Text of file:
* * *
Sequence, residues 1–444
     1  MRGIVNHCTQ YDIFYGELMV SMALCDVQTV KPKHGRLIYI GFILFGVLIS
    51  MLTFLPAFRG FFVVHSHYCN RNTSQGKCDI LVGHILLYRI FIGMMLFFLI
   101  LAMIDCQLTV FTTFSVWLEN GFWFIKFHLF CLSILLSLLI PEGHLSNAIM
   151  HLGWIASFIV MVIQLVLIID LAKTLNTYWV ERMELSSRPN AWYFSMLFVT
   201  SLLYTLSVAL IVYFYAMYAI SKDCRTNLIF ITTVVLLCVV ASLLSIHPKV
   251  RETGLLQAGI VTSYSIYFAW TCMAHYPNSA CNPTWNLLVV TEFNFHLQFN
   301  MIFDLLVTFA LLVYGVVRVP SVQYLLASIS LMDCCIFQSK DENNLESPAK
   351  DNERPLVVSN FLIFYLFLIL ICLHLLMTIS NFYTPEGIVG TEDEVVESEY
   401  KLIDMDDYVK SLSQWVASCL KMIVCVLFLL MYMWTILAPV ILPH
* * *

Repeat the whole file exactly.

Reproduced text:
Sequence, residues 1–444
     1  MRGIVNHCTQ YDIFYGELMV SMALCDVQTV KPKHGRLIYI GFILFGVLIS
    51  MLTFLPAFRG FFVVHSHYCN RNTSQGKCDI LVGHILLYRI FIGMMLFFLI
   101  LAMIDCQLTV FTTFSVWLEN GFWFIKFHLF CLSILLSLLI PEGHLSNAIM
   151  HLGWIASFIV MVIQLVLIID LAKTLNTYWV ERMELSSRPN AWYFSMLFVT
   201  SLLYTLSVAL IVYFYAMYAI SKDCRTNLIF ITTVVLLCVV ASLLSIHPKV
   251  RETGLLQAGI VTSYSIYFAW TCMAHYPNSA CNPTWNLLVV TEFNFHLQFN
   301  MIFDLLVTFA LLVYGVVRVP SVQYLLASIS LMDCCIFQSK DENNLESPAK
   351  DNERPLVVSN FLIFYLFLIL ICLHLLMTIS NFYTPEGIVG TEDEVVESEY
   401  KLIDMDDYVK SLSQWVASCL KMIVCVLFLL MYMWTILAPV ILPH